On the other hand, the effect of cetuximab, an anti-EGFR antibody, administered in combination with the Gemox regimen has also been investigated (Table 3) [35,36]. A phase II study of Gemox plus cetuximab showed promising efficacy, with a response rate of 63% and median overall survival rate of 15.2 months . A randomized phase II study comparing Gemox plus cetuximab and Gemox alone is currently under investigation, and the results of an interim analysis were reported at the American Society of Clinical Oncology meeting in 2010 . In regard to the relationship between KRAS mutation and the efficacy of cetuximab against biliary tract cancer, only 3 of the 30 patients in the phase II study of Gemox plus cetuximab had KRAS mutation in the tumor, with two of the three patients showing partial response and one showing stable disease. Thus, no definite correlation was noted between KRAS mutation and the treatment efficacy . The sample size in this study was small, and further large-scale clinical trials of the combination therapy are needed to further clarify the efficacy and safety of cetuximab. Furthermore, the expression status of various key molecular targets, such as KRAS, B-raf and MEK, should be examined to identify patients with biliary tract cancer who may benefit from treatment with anti-EGFR monoclonal antibody.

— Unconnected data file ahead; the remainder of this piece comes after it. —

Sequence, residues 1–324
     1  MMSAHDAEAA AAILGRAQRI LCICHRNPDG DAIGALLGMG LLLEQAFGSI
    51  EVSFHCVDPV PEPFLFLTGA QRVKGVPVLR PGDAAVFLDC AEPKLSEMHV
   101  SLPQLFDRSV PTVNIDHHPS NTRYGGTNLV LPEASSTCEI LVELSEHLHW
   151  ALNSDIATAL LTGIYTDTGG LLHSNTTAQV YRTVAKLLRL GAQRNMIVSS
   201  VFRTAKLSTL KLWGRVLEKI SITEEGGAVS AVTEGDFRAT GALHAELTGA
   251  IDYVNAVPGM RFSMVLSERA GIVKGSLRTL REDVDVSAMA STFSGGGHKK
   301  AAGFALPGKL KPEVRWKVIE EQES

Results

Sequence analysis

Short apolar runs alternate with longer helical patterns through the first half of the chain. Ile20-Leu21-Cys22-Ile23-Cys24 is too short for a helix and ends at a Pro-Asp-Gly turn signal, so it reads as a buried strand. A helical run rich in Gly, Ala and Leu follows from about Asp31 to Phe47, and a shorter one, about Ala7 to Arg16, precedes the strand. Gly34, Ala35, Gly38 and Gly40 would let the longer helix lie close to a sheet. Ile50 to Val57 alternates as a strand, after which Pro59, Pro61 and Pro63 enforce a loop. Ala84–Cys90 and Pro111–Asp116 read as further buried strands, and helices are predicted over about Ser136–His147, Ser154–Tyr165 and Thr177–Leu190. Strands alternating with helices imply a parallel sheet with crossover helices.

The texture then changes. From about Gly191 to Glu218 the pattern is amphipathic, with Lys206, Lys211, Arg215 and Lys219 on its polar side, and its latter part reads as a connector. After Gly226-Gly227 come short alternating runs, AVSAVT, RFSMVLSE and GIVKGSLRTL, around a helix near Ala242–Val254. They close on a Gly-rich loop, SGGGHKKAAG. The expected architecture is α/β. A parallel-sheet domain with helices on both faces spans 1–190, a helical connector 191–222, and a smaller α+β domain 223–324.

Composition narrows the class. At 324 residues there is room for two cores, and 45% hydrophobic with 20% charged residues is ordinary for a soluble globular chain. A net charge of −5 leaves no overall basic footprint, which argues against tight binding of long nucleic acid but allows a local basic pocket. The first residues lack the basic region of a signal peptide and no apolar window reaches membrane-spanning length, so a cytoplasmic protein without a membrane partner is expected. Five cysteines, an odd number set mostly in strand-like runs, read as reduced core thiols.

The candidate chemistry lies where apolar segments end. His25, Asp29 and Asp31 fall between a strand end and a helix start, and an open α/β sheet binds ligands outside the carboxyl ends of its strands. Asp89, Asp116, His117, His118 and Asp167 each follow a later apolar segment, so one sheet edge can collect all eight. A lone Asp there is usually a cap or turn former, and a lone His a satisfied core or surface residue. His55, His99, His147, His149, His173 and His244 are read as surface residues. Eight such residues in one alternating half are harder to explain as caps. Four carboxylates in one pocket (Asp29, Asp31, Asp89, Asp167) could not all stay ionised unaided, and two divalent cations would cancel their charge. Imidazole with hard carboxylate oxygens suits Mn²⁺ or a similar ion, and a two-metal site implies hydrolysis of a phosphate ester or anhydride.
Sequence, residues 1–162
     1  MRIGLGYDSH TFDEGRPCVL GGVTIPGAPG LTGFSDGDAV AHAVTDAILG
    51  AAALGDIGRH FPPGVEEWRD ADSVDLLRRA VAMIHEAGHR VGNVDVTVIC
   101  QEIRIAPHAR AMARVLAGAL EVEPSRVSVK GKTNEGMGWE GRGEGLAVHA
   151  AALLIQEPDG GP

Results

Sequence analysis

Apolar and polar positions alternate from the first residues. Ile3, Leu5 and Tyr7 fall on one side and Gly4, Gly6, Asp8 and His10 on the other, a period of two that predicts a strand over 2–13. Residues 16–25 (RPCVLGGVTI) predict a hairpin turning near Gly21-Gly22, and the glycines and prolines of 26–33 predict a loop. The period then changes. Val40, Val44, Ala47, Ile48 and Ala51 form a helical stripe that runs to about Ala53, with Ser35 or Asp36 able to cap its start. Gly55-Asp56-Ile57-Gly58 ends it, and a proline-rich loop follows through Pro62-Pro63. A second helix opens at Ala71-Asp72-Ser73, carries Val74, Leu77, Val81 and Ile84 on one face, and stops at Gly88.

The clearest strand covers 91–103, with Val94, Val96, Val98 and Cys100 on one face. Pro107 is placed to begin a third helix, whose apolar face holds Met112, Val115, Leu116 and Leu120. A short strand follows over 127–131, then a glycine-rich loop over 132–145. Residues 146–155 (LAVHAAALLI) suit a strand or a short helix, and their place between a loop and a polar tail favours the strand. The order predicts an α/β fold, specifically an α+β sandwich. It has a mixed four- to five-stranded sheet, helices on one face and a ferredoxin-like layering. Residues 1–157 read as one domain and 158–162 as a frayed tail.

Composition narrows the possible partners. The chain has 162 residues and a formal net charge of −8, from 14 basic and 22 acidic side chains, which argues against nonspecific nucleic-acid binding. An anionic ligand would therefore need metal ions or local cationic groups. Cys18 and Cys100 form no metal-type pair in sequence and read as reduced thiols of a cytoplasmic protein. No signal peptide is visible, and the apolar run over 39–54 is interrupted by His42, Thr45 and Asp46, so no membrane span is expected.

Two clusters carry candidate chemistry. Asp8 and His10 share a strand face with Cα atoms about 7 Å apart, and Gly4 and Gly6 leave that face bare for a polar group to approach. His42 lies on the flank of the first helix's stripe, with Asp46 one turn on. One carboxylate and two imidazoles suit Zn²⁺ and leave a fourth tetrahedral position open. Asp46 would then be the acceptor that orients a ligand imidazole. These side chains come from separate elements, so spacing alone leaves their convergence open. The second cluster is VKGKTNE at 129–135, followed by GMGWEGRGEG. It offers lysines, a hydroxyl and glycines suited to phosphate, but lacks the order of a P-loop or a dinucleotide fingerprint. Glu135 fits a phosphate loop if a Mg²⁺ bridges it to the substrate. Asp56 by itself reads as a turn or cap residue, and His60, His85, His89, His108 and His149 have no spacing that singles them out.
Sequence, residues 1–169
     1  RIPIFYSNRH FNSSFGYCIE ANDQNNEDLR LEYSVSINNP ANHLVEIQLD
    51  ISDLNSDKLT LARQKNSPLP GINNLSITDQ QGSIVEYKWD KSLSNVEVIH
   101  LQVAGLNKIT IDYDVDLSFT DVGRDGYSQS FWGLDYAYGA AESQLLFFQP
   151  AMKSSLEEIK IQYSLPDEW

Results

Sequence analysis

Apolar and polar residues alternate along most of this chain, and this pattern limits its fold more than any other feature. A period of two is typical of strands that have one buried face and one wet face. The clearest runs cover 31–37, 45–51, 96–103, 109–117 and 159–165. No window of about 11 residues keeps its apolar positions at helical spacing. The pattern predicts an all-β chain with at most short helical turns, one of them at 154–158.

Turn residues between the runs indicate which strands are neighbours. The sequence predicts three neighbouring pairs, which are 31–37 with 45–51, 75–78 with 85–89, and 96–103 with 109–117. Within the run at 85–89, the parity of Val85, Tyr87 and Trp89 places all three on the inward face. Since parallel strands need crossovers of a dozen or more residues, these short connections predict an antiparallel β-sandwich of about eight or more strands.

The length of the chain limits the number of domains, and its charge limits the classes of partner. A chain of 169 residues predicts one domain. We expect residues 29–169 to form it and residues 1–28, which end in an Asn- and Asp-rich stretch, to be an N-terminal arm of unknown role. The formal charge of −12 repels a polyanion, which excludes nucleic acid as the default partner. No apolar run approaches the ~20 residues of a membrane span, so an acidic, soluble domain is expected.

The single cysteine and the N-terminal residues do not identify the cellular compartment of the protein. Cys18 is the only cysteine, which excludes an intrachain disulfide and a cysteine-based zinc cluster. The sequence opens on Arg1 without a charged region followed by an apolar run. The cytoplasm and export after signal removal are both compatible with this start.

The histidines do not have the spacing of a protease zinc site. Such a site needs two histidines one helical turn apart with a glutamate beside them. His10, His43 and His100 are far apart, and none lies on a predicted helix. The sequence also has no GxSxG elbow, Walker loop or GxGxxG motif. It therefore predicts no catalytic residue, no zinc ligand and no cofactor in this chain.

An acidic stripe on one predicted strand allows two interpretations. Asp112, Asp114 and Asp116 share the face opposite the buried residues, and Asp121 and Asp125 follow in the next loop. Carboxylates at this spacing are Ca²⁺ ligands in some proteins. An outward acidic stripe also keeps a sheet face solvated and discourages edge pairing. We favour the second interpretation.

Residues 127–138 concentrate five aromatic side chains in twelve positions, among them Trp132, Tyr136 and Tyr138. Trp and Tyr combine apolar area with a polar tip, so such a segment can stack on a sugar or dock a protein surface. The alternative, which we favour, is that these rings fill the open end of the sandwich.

4. Clinical Trials of Anti-Angiogenic Inhibitors for Biliary Tract Cancer
Vascular endothelial growth factor is related to angiogenesis and is reported as one of the important factors involved in the angiogenesis of various malignancies; VEGFR has been shown to promote the growth and metastasis of various cancers. Tumor vessels are structurally and functionally abnormal, contributing to increase of the interstitial fluid pressure within the tumor [37-39]. Anti-VEGF treatment results in pruning of the tumor vasculature, reduction in vessel tortuosity, and a drop in the interstitial fluid pressure, a process termed as vessel normalization . Furthermore, it has been reported that combined use of a cytotoxic drug with anti-VEGF agent leads to a rapid decrease of the interstitial fluid pressure, which may enhance the delivery of chemotherapeutic agents to tumor cells , thereby leading to tumor size reduction and improvement of the survival rates. Various inhibitors targeting VEGF or VEGFR have also been investigated for application to the treatment of biliary tract cancer.